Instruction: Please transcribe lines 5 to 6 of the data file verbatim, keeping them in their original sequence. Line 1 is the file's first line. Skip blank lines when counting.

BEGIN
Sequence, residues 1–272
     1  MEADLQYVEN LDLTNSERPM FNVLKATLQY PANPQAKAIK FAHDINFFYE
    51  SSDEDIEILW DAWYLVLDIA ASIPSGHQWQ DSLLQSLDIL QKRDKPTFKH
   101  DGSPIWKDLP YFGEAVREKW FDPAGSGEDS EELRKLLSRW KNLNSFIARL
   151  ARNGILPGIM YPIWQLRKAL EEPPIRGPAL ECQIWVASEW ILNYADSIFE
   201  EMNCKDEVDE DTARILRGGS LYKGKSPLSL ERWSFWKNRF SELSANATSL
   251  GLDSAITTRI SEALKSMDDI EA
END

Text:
   151  ARNGILPGIM YPIWQLRKAL EEPPIRGPAL ECQIWVASEW ILNYADSIFE
   201  EMNCKDEVDE DTARILRGGS LYKGKSPLSL ERWSFWKNRF SELSANATSL